A patient with healthy meibomian gland function. In the normal patient, note how the meibomian gland ducts are visible, clear and properly aligned.

Transillumination of the lid margin reveals anatomical differences between normal and MGD patients. Normal individuals show the grape-like clusters of acini that form long meibomian glands, while MGD patients may have congenitally absent or atrophied glands and gland dropout, as well as enlargement or laxity of the glands, particularly with aging.3 Inflammation may or may not be present and patients may exhibit dry-eye symptoms, chalazia and hordeola.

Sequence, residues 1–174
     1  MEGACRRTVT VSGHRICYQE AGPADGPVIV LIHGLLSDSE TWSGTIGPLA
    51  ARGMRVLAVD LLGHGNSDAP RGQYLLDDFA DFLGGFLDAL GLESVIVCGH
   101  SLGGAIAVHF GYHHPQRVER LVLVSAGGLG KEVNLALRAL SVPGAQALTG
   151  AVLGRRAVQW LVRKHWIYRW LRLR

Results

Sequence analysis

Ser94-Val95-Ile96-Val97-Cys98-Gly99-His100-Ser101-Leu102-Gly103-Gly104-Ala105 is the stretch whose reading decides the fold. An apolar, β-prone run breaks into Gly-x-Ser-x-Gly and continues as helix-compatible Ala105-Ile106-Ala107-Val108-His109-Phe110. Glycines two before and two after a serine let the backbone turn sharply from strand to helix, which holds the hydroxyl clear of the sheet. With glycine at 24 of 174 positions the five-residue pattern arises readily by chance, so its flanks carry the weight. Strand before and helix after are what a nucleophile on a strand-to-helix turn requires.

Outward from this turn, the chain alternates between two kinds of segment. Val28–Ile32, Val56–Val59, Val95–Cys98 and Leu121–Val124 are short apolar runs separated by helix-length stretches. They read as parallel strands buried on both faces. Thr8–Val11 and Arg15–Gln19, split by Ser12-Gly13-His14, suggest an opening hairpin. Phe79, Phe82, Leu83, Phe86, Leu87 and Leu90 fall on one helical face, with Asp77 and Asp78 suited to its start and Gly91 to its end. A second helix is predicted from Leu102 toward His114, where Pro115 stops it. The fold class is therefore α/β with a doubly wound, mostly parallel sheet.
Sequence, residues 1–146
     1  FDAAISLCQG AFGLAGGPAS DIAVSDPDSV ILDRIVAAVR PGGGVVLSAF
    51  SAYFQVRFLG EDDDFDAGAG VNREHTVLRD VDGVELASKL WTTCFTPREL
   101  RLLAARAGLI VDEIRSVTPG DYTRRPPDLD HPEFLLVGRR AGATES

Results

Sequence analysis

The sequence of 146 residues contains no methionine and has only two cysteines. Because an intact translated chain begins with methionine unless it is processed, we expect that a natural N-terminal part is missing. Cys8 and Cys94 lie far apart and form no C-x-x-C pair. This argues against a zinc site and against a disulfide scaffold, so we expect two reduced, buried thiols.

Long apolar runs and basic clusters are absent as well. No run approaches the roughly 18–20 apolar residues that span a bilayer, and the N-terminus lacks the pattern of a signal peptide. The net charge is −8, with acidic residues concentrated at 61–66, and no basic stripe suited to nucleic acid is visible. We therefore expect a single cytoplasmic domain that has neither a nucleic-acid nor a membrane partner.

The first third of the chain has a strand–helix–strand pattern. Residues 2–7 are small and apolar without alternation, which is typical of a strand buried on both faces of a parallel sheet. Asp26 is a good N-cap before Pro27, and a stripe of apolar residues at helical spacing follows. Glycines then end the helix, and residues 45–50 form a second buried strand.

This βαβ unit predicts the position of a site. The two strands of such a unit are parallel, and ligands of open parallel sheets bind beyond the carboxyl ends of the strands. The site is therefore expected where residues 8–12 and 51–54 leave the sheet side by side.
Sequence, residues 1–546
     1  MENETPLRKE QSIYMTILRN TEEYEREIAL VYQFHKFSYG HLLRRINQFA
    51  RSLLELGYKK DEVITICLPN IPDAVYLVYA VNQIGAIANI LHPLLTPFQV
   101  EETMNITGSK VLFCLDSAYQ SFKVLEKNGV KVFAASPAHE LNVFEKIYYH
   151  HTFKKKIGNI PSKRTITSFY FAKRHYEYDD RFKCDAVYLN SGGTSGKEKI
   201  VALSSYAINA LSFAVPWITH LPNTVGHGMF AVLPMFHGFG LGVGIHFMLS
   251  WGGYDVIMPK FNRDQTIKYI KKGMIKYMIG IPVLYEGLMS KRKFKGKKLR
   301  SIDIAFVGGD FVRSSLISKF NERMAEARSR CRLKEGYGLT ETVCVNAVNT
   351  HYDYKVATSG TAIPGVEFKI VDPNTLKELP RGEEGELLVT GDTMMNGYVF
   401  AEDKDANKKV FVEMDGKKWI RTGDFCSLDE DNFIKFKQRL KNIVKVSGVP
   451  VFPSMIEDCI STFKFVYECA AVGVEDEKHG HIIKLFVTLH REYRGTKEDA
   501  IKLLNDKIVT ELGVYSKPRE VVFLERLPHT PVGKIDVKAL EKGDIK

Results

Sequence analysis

There is no global consensus on the classification and diagnosis of MGD. The MGD Workshop distinguished meibomian gland disease, a term that encompasses secretory dysfunction as well as congenital or neoplastic conditions, from meibomian gland dysfunction, defined as including only hypo- or hypersecretory conditions.4 For our purposes, we focus on the latter definition, as it includes other proposed categories including hormonal, bacterial and contact lens-associated MGD.5-7 Other proposed grading systems, such as anterior and posterior, hypersecretory and hyposecretory, and non-obvious and obstructive provide little practical information on disease etiology and are of little clinical use. When developing a grading system, particularly one designed to assess new therapies, the system should be sensitive and precise enough to detect small but clinically relevant changes in outcome variables.